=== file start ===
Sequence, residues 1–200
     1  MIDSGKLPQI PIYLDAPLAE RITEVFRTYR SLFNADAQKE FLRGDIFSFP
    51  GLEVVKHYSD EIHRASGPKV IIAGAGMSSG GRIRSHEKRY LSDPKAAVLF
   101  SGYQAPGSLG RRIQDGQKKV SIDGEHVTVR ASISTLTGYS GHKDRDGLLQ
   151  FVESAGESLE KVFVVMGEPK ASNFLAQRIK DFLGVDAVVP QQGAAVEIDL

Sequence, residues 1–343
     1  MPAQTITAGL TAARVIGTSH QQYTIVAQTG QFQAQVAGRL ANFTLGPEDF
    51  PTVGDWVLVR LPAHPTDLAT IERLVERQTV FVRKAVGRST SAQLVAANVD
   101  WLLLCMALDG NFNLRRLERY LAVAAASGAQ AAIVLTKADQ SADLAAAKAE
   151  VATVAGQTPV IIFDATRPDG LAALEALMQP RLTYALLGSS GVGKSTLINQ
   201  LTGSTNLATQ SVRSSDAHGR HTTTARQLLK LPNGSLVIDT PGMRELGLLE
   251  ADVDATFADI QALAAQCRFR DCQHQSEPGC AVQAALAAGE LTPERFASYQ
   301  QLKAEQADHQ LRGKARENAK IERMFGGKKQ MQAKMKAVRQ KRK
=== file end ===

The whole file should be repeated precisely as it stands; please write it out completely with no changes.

Sequence, residues 1–200
     1  MIDSGKLPQI PIYLDAPLAE RITEVFRTYR SLFNADAQKE FLRGDIFSFP
    51  GLEVVKHYSD EIHRASGPKV IIAGAGMSSG GRIRSHEKRY LSDPKAAVLF
   101  SGYQAPGSLG RRIQDGQKKV SIDGEHVTVR ASISTLTGYS GHKDRDGLLQ
   151  FVESAGESLE KVFVVMGEPK ASNFLAQRIK DFLGVDAVVP QQGAAVEIDL

Sequence, residues 1–343
     1  MPAQTITAGL TAARVIGTSH QQYTIVAQTG QFQAQVAGRL ANFTLGPEDF
    51  PTVGDWVLVR LPAHPTDLAT IERLVERQTV FVRKAVGRST SAQLVAANVD
   101  WLLLCMALDG NFNLRRLERY LAVAAASGAQ AAIVLTKADQ SADLAAAKAE
   151  VATVAGQTPV IIFDATRPDG LAALEALMQP RLTYALLGSS GVGKSTLINQ
   201  LTGSTNLATQ SVRSSDAHGR HTTTARQLLK LPNGSLVIDT PGMRELGLLE
   251  ADVDATFADI QALAAQCRFR DCQHQSEPGC AVQAALAAGE LTPERFASYQ
   301  QLKAEQADHQ LRGKARENAK IERMFGGKKQ MQAKMKAVRQ KRK